My belief is that spending at most 15 hours on “work” that’s mainly for the sake of generating income during semi-retirement provides a good balance. The other hours can be spent meaningfully generating value for ourselves or others, even if we are not paid a single cent for our endeavours.

What’s unpalatable is spending 40 hour weeks for 40 years working in a job I would flee the moment the pay is halved. 

That’s a pretty miserable existence, no?

Be Sociable, Share!

16 thoughts on “The 15HWW Definition Of “Work”

  1. Tacomob

    I think we are way too conformist people. Who says that one has to work 40 hours a week and who says that life is to be lived linear. Like we start off with learning, then earning and finally yearning for that retirement.

    Why can’t we mix it up a bit? Of course the basis is learning, but then the earning period could be 20 years instead of 40 years, followed by 10 years of enjoying a retirement sprinkled with some additional learning, giving and educating children (maybe even a bit of earning on the side). And then followed by another 10 to 20 years of earning as to ones liking or physical abilities.

    Sounds too good to be true? I am convinced that it could be achieved when someone is frugal, prudent with his/her money, starts investing right from the start of earning and does not over-commit to an expensive house.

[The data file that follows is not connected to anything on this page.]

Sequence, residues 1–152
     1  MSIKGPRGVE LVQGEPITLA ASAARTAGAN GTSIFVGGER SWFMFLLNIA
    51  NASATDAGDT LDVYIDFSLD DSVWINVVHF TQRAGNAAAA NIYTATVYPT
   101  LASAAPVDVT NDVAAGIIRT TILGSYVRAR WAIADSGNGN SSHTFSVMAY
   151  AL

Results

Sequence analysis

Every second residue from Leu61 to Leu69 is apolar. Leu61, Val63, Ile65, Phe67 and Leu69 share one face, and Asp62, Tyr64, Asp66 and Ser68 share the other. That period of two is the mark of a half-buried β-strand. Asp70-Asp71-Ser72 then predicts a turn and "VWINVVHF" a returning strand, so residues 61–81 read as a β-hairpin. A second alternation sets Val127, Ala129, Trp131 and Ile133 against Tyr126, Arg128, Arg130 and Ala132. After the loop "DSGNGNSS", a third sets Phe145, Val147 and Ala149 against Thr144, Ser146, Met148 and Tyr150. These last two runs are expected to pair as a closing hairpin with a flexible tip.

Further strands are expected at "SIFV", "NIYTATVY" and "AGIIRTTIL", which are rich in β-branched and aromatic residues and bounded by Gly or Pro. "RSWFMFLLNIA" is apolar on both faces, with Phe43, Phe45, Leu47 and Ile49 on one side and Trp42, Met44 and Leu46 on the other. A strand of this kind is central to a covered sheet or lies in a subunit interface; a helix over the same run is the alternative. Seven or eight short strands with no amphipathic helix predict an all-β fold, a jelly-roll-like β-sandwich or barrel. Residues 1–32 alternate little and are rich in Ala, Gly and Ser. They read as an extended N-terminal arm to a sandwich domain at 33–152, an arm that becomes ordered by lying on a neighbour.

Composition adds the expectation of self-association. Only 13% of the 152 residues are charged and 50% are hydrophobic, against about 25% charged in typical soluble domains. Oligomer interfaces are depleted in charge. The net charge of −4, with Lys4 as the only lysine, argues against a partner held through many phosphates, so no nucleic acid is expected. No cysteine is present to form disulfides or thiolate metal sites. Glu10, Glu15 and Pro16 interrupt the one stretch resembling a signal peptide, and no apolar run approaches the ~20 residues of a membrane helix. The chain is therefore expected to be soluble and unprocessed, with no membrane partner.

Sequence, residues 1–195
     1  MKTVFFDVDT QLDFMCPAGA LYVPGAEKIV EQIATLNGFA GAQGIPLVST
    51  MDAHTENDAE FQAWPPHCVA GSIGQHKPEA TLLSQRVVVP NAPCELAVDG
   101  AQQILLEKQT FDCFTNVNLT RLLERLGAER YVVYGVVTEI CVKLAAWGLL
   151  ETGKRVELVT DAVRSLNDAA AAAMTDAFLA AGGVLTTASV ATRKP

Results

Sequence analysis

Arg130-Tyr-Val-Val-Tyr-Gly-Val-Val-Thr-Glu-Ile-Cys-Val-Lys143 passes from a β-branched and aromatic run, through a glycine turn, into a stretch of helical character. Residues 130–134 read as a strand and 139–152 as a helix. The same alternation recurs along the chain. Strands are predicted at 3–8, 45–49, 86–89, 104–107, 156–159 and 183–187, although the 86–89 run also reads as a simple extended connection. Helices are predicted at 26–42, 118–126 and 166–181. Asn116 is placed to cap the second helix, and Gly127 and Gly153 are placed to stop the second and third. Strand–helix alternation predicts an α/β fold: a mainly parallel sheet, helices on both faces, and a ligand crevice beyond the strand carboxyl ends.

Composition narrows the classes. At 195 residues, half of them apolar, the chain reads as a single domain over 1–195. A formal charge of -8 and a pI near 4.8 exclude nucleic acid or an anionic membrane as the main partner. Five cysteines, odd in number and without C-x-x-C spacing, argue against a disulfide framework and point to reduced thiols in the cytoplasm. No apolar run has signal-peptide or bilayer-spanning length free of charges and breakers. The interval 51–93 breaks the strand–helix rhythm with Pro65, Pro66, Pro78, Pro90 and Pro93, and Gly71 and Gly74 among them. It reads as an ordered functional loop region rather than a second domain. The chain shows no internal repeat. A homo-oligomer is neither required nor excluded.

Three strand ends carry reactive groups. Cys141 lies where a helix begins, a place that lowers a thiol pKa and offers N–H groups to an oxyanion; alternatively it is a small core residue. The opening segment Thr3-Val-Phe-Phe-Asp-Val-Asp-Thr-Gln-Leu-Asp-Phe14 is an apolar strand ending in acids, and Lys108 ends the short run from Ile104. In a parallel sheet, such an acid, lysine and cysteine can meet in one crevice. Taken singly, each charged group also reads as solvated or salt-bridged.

1. My 15 HWW Post author

      Hi Tacomob,

      What you have just described sounds like what I am doing right now.

      Hopefully I am able to pull it off.

      If it doesn’t work out? I just have to go back to full-time employment again. 🙂

  2. B

    Hi 15hww

    Good post 🙂

    Definition of work is definitely going to be different once you have found the holy grail of working. It may seem 15 hours per week to you but im sure you wont budge doing them for 40 hours per week.

    Good luck on your tuition endeavors in the future.

    1. My 15 HWW Post author

      Hi B,

      Thanks for your kind words and encouragement. Things are still moving slowly but at least we are not in deficit (yet) in terms of monthly cashflow.

  3. Frugal Daddy

    Hi 15hww

    Your goal has been consistent and original – 15hww. For this, you deserve a pat on your shoulder.

    No one has the right to judge what you think is right for you and your family. So, you don’t really need to bother too much about how others thinks. Of course, it will be best if everyone is supportive and having faith in your decisions, which is in the case of what you shared above.

    I agreed the financial independence end game is not about relaxing and slacking, but to achieve freedom in a modern world. I think defining a work that I am willing to work for free is extremely challenging, as what I like doing may not be the same after repeating it everyday, especially with money starting to get involvement like the Zen Pencil comic that you have shared. Who knows whether you will like riding after doing it every day for 5 years? Even you do, teaching or serving customers to ride a horse may not be the cup of tea. It is a different thing altogether. Just like I enjoy playing game, doesn’t mean I will enjoy developing games.

    In short, I felt achieving financial independence is a must and working part time is a smart and sustainable long term plan, however, the tasks of part time may evolve, at least in my instance. Or else, the part time tasks may slowly devour me too.

    1. My 15 HWW Post author